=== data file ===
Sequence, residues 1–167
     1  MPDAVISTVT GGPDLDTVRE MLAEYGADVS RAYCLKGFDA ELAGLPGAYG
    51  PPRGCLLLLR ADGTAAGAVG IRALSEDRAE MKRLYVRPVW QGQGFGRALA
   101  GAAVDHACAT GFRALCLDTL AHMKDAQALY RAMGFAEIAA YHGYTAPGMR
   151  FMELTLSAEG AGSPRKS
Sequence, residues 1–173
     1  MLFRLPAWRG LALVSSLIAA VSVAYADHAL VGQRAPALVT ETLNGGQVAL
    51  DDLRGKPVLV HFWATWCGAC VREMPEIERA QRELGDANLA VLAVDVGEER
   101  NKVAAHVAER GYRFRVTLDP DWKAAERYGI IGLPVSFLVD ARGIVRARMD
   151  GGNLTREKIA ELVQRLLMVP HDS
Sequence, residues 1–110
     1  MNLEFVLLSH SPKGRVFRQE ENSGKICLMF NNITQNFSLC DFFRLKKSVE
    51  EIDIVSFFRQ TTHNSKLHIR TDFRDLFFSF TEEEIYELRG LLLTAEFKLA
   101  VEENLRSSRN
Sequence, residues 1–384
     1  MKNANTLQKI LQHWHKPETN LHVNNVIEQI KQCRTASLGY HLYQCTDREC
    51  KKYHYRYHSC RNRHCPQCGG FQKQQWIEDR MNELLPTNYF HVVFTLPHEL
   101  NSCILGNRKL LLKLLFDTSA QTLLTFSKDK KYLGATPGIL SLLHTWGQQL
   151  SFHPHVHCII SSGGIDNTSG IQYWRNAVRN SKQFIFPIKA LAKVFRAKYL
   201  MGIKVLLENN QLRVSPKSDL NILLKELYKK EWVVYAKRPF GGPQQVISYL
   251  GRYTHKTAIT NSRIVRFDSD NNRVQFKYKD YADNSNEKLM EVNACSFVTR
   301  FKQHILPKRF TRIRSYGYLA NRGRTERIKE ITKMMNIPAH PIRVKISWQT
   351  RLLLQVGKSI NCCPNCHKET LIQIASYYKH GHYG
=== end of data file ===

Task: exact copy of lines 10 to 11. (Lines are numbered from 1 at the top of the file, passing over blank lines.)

   151  GGNLTREKIA ELVQRLLMVP HDS
Sequence, residues 1–110